wm2The fact is that the “civilising mission” consisted not only in expanding a more modern economic and social system – certainly more for the sake of the civilizers rather than the  civilized – but imposing those values and habits typical of western cultures without caring much of the sensibility of the “captives” that Kipling defined in the poem “half devil and half child”. In these last two expressions there is all the blindness and hypocrisy of an age. The natives were seen as devils, that is “sullen”, dark , evil; therefore, they needed to be redeemed. At this point we should remember the role of the Church in promoting the idea of the expansion of the empire as fundamental for the spreading of the Christian faith. Since the discovery of America, economic and religious issues had always gone hand in hand, in fact. However, that childish trait should have made easier the “salvation” of those poor souls, because of their “natural” naivety and gullibility. Needless to say that such representation earned Kipling bitter accusations of racism.

wm3Certainly in those words there was nothing new, but a prejudice which had been commonly shared for ages; therefore, the civilizing mission of the white man was deliberately indifferent of those values expressed by the cultures of the subdued peoples of the empire, which were considered inferior. Even Robinson Crusoe, after all, was a prototype of this vision. He feeds Friday, teaches him British good manner and even if they are alone on a desert island the master and servant relationship is preserved: Robinson wants to be called “Master” and names his companion “Friday”, rather than giving him a proper name; therefore, he does not seem to consider him a person, he just wants him to remember the day Robinson/ the Master saved him and then he proceeds with his own private civilizing mission. Had he been interested, he would have made the effort to ask his name, but maybe it sounded too democratic for the time.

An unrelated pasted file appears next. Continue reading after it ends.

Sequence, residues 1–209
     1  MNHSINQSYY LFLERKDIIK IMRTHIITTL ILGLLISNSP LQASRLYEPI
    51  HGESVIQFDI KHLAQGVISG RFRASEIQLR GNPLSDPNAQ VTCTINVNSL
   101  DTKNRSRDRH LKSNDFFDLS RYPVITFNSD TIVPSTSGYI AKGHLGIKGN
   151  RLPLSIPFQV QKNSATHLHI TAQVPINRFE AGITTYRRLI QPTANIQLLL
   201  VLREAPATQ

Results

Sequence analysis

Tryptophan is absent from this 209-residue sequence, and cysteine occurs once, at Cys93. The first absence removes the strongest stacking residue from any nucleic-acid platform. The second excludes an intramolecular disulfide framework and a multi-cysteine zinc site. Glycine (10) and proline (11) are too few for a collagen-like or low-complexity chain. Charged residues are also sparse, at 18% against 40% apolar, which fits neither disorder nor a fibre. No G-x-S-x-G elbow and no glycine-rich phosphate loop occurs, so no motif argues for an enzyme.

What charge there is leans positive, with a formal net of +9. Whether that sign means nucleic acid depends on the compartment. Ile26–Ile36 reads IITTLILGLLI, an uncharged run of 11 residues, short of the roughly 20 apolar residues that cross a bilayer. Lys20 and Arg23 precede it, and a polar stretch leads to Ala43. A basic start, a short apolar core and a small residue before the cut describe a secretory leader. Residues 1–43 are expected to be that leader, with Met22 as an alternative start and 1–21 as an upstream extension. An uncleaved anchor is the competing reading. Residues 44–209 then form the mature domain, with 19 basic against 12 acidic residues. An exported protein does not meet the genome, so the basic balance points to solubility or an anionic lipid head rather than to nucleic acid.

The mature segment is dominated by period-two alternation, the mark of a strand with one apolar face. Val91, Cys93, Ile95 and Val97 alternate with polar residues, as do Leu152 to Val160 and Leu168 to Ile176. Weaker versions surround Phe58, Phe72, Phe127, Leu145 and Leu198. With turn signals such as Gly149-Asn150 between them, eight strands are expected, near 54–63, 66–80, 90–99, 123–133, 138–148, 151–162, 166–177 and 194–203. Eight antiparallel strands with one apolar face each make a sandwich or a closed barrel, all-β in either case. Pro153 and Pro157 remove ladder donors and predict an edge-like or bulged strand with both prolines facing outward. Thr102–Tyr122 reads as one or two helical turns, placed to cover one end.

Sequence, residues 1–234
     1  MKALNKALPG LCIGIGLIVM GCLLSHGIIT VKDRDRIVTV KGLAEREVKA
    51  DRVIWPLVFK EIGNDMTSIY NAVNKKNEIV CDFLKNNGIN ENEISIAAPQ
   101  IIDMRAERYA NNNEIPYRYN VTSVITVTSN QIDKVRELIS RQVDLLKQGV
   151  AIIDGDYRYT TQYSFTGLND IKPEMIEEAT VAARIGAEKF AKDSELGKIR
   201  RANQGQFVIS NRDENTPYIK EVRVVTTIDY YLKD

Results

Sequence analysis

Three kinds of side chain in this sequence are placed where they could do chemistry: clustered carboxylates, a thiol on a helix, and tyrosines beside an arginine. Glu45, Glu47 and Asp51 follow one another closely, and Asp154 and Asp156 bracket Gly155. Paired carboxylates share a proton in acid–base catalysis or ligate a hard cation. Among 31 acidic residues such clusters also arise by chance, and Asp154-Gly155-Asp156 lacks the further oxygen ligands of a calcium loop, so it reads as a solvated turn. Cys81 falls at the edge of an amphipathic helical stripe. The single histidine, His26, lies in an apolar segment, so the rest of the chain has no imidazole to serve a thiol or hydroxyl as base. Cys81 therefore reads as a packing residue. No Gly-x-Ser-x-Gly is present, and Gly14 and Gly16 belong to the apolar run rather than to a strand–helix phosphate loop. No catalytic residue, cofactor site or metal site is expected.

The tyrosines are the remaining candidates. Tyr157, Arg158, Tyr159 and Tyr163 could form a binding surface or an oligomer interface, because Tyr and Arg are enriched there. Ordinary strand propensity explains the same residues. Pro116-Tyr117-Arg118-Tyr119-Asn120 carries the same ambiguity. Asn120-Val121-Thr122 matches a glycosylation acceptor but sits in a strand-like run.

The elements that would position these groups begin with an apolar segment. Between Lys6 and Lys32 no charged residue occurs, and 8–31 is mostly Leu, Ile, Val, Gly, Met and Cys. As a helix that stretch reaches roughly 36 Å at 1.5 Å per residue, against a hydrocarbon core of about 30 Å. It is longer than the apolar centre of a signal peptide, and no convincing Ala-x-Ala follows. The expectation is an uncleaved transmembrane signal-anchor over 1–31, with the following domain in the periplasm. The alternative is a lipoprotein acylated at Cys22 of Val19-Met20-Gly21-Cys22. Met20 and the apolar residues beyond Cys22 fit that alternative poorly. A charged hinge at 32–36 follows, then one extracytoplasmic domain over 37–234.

Sikh officers of the British 15th Punjab Infantry regiment, shortly after the Indian Mutiny, 1858But is it really possible to cohabit just fixing the rules of a master/servant relationship based on an alleged superiority, without caring about the nature of that servant? There is a great risk, in fact. It could happen that  the Fridays in the world one day might rebel, just because of the carelessness of a Robinson for whom a little detail may be meaningless, while it is, actually, so meaningful for them, just like a trivial cartridge, for instance. We are talking about the Sepoy Mutiny in 1857. The British had issued the Sepoys, the native Indian soldiers of the Bengal Army, with new gunpowder cartridges. To load their rifles, the soldiers had to bite the cartridge first, but this simple action was considered an insult to both Hindus and Muslims, as they believed that the cartridges they were supplied with were greased with lard (pork fat) which was regarded as unclean by Muslims and tallow (cow fat) which angered the Hindus, as cows were equal to goddess to them. The Sepoys’ British officers regarded these claims unimportant, and suggested to grease a batch of the new cartridges with beeswax or mutton fat.  For the Sepoys this was evidence that the original cartridges were indeed greased with lard and tallow. Hence, a meaningless cartridge became the cause of a meaningful uprising that in all Indian History books is regarded as India’s first War of Independence.